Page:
But there's a magic to story. This is the closest thing that we have to telepathy. And in a lot of ways I learned story on the feet of Masters. These charlatans who were busy with this discredited organization I grew up in. But those tools were real. The power of story was real. And I do want to find a way to take those tools and use them for a positive purpose.

Lee Hale Do you think that God aspiration of your childhood is still there a little bit?

Glynn Washington Yeah.

 Lee Hale In what way does it manifest?

Glynn Washington You know, you said it kind of yourself but the truth of the matter is I did grow up thinking that everyone else was a muggle and that I was Harry Potter. And that just doesn't go away just because the intellectual underpinning of that belief goes away.

Lee Hale It almost feels like a paradox in one sense you're saying ‘I'm special’. On the other side, you're saying empathy is the answer.

 Glynn Washington Yeah. Those things are contradictory but I do hold those two different beliefs in my head at the same time. I would hope that somebody tells all kids that they're special.

Lee Hale Do you tell your kids that?

Glynn Washington I do. I tell them they're knuckleheads. I tell them they're special too.

When I say that there is a purpose for my children? For me? For the world? That there's a judgment that happens? That there's karma in the world? Am I my telling them that's a religion?

Those are religious concepts that I'm telling my kids and I am not a religious person but I still believe those things. I believe they're here for something. I believe that I see the spark of the divine in them. No question about it.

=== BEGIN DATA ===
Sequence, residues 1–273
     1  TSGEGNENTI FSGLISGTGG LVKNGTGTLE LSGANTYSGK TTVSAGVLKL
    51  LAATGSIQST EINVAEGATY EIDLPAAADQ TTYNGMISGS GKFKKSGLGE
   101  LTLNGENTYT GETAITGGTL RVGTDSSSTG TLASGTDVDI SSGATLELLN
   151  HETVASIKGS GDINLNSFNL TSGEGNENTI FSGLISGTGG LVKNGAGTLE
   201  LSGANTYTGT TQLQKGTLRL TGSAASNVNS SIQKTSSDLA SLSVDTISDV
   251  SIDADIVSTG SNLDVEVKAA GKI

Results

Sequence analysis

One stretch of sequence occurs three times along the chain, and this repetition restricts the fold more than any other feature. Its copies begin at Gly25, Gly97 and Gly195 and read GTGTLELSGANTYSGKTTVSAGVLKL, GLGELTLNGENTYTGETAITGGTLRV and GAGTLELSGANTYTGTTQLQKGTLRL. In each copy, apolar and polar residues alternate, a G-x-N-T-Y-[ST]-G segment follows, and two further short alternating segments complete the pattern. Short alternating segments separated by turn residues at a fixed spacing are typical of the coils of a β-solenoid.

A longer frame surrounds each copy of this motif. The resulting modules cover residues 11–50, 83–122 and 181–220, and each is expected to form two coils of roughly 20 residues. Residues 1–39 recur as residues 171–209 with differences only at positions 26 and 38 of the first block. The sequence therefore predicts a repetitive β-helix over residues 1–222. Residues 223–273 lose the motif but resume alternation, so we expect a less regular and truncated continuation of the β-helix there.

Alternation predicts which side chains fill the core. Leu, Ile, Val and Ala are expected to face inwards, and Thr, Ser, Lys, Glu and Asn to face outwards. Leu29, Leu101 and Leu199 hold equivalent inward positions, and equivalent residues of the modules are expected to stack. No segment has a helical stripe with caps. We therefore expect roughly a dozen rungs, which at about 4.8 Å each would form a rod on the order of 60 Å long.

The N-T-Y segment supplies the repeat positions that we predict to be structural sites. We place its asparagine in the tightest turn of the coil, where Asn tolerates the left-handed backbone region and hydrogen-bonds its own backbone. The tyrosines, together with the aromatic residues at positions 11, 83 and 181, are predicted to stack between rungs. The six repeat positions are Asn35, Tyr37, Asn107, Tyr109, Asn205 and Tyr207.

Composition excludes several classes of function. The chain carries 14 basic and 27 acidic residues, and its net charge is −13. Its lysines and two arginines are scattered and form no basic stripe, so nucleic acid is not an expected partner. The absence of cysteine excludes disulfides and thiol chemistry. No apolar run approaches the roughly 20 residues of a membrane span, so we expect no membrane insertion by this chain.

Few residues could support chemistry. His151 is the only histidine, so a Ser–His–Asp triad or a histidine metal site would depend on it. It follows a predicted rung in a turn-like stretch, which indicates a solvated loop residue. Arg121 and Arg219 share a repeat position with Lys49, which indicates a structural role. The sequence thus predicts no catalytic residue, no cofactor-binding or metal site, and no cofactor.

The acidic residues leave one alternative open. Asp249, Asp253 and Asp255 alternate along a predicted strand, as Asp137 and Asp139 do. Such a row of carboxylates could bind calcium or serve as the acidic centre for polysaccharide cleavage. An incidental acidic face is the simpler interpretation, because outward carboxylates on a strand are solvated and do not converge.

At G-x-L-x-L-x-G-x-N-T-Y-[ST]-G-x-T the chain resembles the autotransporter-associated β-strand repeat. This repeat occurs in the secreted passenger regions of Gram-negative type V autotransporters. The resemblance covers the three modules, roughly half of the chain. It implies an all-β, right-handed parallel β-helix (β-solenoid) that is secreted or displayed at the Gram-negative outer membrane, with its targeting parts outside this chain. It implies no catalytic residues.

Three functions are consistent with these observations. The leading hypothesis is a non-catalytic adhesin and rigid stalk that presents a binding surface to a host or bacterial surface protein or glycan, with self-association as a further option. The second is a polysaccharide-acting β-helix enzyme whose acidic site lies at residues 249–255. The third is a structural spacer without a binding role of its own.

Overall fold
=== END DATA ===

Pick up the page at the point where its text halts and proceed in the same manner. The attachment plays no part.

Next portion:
Am I religious because I said that stuff? Maybe.

Lee Hale Maybe. Well, Glynn this has been so fun. Thank you so much. This felt like a sacred time to me.

Glynn Washington Yeah. We need more sacred time. I'm so glad you're doing this show. This is really important work you're doing.

Lee Hale It feels like in some ways like I don't know if I could do anything else right now. Because I'm just like, I'm going through something.

I don't know what's going to happen at the end but I know that egomaniacs like myself like the process in public, right? (laughs) And when I know it's messy for somebody else I feel less crazy. I feel kind of looked after and I feel like I'm on the right path. It's purely selfish is what I'm saying. (laughs) 

Thanks for listening to Preach. You can hear more from Glynn Washington every week on Snap Judgment. 

This show is a production of KUER and PRX. 

If you’d like to be pen pals with me, sign up for our newsletter at And check us out on Facebook. 

This show is produced by me Lee Hale and Tim Slover. 

Tricia Bobeda is our editor. 

This episode was mixed by Ernie Indradat, who also mixed the first episode and we didn’t give him a shoutout. So, sorry Ernie! And thank you.

Our digital producer is Chelsea Naughton.

And our executive producer is Joel Meyer. 

Also, I want to say thank you for all the lovely, kind, supportive things you’ve been saying since the show launched last week. It’s been a very exciting week and there’s been lots of love. 

And there’s been some reviews on Apple Podcasts, which we really appreciate because it helps other people find the show. 

For instance, Vhathaway says, ‘I listen to a lot of Catholic podcasts, because I’m Catholic, but I find that I learn a lot about my own faith by listening to others share their own faith story.’

That’s awesome. Thank you for the stars, and the love. If you want to leave a review, do that on Apple Podcasts. It helps us out a lot.